Janáček – Frandsen – Brahms – Galya Kolarova – Adam Stadnicki – CR6041


“Kolarova’s characterful account of Janácek’s Piano Sonata ‘1.X.1905’, ‘From the street’, such an original masterpiece is so well played. The recording quality, as always from this company, is first-class in every respect. A most worthwhile issue”


“La Prèmiere” is a recording presenting the first compositions for cello and piano by Leoš Janacek, John Frandsen and Johannes Brahms, and the first and only Sonata for solo piano by Leoš Janacek – a musical journey stretching over a period of about 150 years.

”Once upon a time there lived Tsar Berendyey, who had a beard down to his knees. He had been married for three years and lived with his wife in perfect harmony; but God still hadn’t given them any children, which grieved the Tsar terribly. One day the Tsar felt the need to inspect his kingdom. He bade farewell to his consort and for eight months he was on his travels…”

Pohádka (from Czech: A Tale) is a composition by Leoš Janáček (1854-1928) based on an epic poem by the Russian author Vasily Zhukovsky (1783-1852) entitled ”The Tale of Tsar Berendyey”. It was composed at a difficult time for Janáček, in the years following the death of his daughter Olga, with whom he shared a love for Russian culture and literature.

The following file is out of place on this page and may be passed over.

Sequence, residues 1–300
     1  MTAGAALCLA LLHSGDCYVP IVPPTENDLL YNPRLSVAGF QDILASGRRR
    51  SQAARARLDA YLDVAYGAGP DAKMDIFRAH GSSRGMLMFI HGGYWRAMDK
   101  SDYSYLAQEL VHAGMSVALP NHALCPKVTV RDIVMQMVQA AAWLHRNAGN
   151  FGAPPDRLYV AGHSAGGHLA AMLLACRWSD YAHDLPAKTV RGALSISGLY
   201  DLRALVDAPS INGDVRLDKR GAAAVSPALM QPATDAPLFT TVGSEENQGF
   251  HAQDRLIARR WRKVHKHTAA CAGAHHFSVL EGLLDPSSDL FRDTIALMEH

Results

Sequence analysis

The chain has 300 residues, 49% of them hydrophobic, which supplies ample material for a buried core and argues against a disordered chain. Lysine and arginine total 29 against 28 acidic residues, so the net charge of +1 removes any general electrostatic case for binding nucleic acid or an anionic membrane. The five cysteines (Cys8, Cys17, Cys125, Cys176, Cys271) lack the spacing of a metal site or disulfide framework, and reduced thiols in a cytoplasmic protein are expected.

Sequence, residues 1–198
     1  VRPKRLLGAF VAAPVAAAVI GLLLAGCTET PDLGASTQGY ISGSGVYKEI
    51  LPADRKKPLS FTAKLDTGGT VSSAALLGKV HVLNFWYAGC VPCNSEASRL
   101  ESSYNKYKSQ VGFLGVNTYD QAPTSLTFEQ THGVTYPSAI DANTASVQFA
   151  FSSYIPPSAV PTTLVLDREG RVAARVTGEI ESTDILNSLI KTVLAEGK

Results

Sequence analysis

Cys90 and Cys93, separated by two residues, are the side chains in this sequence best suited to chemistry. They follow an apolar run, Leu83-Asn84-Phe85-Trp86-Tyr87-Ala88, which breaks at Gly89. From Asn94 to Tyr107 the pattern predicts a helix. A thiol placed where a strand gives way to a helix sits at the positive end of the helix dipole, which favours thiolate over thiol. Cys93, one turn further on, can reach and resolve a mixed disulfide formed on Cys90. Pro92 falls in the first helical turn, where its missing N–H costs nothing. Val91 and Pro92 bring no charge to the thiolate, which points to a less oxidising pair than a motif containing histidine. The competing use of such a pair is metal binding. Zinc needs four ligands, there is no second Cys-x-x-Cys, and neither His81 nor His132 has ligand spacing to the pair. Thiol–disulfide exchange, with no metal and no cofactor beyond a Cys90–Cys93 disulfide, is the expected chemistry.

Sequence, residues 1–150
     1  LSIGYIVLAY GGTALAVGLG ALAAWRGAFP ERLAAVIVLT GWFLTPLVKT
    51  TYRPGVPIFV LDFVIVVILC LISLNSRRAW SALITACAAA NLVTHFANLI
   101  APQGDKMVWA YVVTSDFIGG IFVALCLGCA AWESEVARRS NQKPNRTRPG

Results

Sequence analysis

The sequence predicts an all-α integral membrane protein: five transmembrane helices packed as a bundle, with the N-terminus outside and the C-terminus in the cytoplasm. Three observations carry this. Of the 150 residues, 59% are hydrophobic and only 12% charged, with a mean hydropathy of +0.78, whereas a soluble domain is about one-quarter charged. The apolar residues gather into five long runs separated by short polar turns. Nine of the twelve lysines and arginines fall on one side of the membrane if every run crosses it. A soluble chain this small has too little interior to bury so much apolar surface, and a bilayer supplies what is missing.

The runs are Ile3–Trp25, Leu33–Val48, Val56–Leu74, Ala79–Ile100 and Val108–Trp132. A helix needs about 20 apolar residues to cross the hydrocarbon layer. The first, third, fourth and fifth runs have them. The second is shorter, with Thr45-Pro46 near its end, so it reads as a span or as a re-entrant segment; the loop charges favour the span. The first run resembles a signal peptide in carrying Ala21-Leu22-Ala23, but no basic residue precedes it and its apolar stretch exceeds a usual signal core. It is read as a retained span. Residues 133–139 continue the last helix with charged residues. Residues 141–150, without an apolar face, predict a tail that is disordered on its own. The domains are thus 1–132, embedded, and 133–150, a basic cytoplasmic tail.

Pohádka is a three movement piece which aims to evoke the drama and atmosphere of the Russian legend, which is also the basis for Stravinsky’s ballet “The Firebird”. The composition presents scenes from the story rather than being a complete description of the tale. The cello part represents the young Prince Ivan, and the lyrical piano portrays the beautiful Marya, daughter of Kashchey the Deathless, ruler of the Underworld.

The piece dates from 1910 and several different versions existed during Janáček’s lifetime, although only the last one is usually performed today.

Pohádka is the only published composition for cello and piano by Janáček.